Or you can just hang. “It’s not unusual to find a guest in the main lobby, reading a book with one leg thrown over the arm of a chair,” Smith says. “Though our services seem very ‘white glove,’ we want to be extremely welcoming and comfortable. If you want lots of care, we’ll be there. If you want to be left alone, we leave you alone. We welcome everyone, whether you want to live here all year or visit for one special weekend.”
155 Alain White Rd., Morris, CT 860-567-9600, www.winvian.com
Where to stay:
Abel Darling B&B
102 West St., Litchfield. 860-567-0384
This inn is just a short stroll away from the Litchfield Green, home to a variety of restaurants and quaint New England-y shops.
Tollgate Hill Inn & Restaurant
571 Torrington Rd., Litchfield. 866-567-1233
This charming lodge has been welcoming visitors through its doors since 1745. Patrons are able to choose their sleeping quarters: a tavern, a charming Colonial, and even a former schoolhouse.
The Boulders Inn
East Shore Rd., New Preston . 860-868-0541
This Dutch Colonial mansion boasts an ambiance of elegance while staying true to rustic New England simplicity and charm.
Where to eat:
The Community Table
Rte. 202, Litchfield. 860-868-9354
Features exclusively local ingredients from area farmers.
The Woodward House
4 The Green, Bethlehem. 203-266-6902
Offers Zagat-recommended American cuisine in an 18th-century clapboard house.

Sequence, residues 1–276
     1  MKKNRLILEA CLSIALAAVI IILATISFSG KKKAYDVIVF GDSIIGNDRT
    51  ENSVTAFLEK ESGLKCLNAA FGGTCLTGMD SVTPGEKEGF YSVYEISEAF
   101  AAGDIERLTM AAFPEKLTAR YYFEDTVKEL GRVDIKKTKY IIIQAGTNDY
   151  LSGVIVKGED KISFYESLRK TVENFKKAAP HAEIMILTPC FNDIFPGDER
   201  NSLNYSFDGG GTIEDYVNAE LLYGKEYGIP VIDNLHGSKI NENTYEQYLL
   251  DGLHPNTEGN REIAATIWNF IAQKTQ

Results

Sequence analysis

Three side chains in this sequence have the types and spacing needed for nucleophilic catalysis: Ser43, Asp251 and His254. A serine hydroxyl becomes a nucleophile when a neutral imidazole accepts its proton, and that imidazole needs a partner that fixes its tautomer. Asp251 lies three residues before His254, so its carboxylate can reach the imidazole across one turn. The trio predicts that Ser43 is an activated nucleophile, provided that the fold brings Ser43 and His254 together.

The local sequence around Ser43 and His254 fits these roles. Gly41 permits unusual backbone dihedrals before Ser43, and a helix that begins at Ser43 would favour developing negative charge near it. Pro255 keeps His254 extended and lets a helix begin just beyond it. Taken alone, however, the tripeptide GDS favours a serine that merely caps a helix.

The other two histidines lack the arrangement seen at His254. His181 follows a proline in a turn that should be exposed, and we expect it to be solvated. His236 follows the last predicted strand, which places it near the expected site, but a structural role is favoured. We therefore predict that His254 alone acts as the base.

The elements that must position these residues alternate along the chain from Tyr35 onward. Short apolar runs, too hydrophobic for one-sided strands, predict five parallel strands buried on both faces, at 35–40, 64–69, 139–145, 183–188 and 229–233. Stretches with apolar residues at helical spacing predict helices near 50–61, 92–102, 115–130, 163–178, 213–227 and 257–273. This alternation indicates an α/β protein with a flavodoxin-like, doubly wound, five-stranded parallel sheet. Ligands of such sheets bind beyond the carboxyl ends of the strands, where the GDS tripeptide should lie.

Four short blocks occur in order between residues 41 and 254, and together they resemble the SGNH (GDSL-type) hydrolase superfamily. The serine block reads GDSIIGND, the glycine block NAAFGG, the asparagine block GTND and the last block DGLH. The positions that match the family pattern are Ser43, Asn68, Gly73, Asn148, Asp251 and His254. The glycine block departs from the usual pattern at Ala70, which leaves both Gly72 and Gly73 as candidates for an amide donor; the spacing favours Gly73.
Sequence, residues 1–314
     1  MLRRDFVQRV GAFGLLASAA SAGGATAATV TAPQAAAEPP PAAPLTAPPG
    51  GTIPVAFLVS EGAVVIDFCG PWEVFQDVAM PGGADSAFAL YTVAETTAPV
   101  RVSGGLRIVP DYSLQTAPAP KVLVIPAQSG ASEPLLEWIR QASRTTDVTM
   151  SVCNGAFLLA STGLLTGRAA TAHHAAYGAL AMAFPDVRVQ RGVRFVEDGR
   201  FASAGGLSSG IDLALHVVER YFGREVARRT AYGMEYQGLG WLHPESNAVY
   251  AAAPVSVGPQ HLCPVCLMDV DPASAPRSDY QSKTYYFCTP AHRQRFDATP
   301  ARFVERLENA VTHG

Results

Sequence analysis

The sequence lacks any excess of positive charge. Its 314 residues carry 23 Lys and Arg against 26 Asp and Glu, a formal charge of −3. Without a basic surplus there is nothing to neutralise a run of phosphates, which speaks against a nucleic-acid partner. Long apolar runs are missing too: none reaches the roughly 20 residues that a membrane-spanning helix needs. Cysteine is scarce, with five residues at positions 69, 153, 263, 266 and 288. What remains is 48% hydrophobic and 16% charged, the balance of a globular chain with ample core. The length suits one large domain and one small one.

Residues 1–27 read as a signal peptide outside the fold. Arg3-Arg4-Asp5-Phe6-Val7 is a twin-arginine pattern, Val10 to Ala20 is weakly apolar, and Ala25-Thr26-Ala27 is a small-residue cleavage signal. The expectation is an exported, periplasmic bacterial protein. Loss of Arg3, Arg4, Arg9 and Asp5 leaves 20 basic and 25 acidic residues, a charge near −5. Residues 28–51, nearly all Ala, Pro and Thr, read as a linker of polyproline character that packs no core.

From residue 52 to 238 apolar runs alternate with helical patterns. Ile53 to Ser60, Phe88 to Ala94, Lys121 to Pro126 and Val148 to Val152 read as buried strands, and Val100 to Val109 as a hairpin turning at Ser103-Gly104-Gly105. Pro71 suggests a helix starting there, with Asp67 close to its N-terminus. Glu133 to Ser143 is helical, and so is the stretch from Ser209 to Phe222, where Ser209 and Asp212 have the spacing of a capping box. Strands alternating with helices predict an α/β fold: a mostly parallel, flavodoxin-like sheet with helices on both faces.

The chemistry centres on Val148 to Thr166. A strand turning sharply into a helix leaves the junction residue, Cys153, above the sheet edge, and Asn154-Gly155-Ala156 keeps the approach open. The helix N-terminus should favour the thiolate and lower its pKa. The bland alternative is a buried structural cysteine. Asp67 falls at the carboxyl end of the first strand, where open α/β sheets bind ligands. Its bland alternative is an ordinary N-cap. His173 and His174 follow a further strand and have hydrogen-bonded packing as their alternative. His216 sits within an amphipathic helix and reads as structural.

The Rooster Tail Inn
Cornwall Rd., Warren. 860-868-3100
Another 18th-century B&B with a cozy dining room and an English pub-style tavern.
What to do:
New England Carousel Museum
95 Riverside Ave., Bristol . 860-585-5411
Vintage carousel horses are brought back to life through masterfully detailed restoration and preservation.
Sunset Meadow Vineyards
599 Old Middle St., Goshen. 860-201-4654
Featured attractions at this vineyard include wine tastings, guided hayrides, and informational tours.
Connecticut Art Trail
With the Connecticut Art Trail pass you’ll be able to explore former artists’ boarding houses, modern art museums, and more at your own leisure ($25 for 15 museums; valid for two months).
Harvest Festival Haight-Brown Vineyard
29 Chestnut Hill Rd., Litchfield. 860-567-4045, Sept. 19-20
This annual festival features local brews, vineyard and cellar tours, music, and children’s activities.
Rte. 61, Bethlehem. 203-266-5350, Sept. 10-12
There’s fun for the whole family at this annual fair, with a western horse show, lumberjack and “hollerin’ ” contests, antique tractor parade, and an “agri-Olympics” competition.